Know before you go: Everyone from the U.S. is required to pay a reciprocity fee of $160 when entering the country. Argentina also requires a visa in addition to your passport if you’ll be there for more than 90 days. Because of the country’s unique entrance requirements, it’s also suggested that you bring clear proof that you have no criminal history (think background check) with you in checked baggage to get your visa without too much of a hassle.
Why it’s awesome: The weather may not be all that nice, but the feel of this country more than makes up for a rainy day here and there. You’ll be amazed at how much pride the Irish can pack into a country, with lots of love shown on a daily basis for their sports teams, their food and drink, their history and heritage, and, of course, the luck of the Irish! (Plus, their accents are adorbs – see Jonathan Rhys Meyers if you need further convincing!)
What to study there: Know that regardless of what you end up studying, a lot of Irish universities put a lot of the responsibility for learning material on students, and won’t necessarily cover everything in a lecture that you’ll be tested on or expected to know later down the road. Ireland is well-known for strong literature and writing programs. With the ongoing Northern Ireland conflict (tensions in a part of the country based on different religious and ethnicity qualms that have been going on since the 1960s), it can also be an interesting place to go if you’re interested in international politics or peace and conflict studies.
Know before you go: Students from the U.S. do not need a visa to study abroad in Ireland. You do, however, need to register with a local Garda National Immigration Bureau after you arrive. Double check on what this requires before you leave. Students also sometimes get issued a visa upon arrival in one of two categories. More information about those can be found here.
#8: Costa Rica
Why it’s awesome: Little known fact to many Americans: Costa Rica has a killer higher education system! With a very literate population, (96 percent according to the most recent stats the demand for quality universities is pretty high. This translates into great programs for more Spanish-speaking students.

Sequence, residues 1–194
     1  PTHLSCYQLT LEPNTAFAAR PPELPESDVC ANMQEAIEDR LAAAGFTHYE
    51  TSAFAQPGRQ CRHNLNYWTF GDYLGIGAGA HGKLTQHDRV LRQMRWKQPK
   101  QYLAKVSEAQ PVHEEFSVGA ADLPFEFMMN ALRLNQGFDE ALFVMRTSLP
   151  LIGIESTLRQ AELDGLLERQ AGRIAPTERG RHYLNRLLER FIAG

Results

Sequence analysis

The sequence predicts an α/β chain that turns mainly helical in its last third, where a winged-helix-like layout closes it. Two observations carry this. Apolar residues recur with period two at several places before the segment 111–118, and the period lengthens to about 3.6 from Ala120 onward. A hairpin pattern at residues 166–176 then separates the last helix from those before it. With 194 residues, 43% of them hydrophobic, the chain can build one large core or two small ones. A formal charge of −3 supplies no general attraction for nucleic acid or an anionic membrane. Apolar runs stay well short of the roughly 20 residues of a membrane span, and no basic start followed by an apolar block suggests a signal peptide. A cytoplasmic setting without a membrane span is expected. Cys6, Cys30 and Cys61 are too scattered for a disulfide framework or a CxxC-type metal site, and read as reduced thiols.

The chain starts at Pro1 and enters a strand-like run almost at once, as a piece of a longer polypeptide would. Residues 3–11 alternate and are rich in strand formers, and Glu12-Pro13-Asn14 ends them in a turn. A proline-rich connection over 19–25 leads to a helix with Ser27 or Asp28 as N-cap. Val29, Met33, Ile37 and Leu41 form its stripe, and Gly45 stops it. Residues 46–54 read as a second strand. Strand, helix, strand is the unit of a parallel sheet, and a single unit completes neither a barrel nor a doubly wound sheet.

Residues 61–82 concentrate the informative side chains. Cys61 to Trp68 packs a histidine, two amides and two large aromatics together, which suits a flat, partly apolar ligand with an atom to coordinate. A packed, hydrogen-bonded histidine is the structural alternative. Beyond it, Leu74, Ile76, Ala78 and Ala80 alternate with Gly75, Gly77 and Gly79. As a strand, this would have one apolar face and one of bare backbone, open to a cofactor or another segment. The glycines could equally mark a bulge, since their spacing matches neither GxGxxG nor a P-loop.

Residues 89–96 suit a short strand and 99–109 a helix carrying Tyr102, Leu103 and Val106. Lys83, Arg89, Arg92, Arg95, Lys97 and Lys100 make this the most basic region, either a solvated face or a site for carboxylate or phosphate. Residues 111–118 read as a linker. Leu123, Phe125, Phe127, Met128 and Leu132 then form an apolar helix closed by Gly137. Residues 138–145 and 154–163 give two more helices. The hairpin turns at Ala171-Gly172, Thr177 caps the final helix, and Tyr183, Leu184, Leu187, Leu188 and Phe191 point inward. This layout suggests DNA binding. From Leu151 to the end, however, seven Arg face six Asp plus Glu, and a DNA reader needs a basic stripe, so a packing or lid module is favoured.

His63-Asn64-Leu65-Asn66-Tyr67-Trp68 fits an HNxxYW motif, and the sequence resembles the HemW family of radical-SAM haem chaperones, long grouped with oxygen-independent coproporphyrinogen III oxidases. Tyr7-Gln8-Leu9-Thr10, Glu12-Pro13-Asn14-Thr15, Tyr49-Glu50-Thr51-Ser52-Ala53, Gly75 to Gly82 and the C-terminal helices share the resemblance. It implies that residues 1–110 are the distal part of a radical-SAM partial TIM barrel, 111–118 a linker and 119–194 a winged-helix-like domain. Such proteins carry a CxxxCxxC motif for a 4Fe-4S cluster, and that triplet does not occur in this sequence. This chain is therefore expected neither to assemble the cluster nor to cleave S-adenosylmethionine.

What to study there: With such a lush, tropical environment, Costa Rica is a great place to study anything science-related, especially ecology, biology, and other fields related to the environment. It’s also home to many university-sponsored programs that offer special trips and unparalleled research opportunities to explore some of the country’s natural resources.
Know before you go: Visas in Costa Rica are a bit tricky. Since no U.S.-based Costa Rican embassy can issue a valid student visa for American students studying in Costa Rica, you can only apply for one once you arrive. However, student visa status is typically reserved only for students studying at Costa Rica all four years of their college careers. For this reason, most study abroad programs recommend you enter the country as a tourist, a status that only requires a passport upon entry.
Why it’s awesome: Some people may not think German is the sexiest language on the planet, but that’s no reason to shy away from such a schön (German for nice!) study abroad destination! Germany is actually a leader in the science and technology industries, is home to the world’s fourth largest economy, and is the most populated state in the European Union. Plus, the country provides some subsidies to students studying abroad, making it a more affordable destination for many.
What to study there: Clearly this is the most obvious choice to brush up on some Deutsch. It’s also a good location to study engineering, business, or European politics. Germany is a leader in Europe in all of those fields.
Know before you go: You’ll need both a visa and a passport to enter Germany. What type of visa you’ll need and the paperwork that goes along with it depends on how long you’re staying and what type of work you’ll complete while there. This site offers a great explanation of all the different types of visas.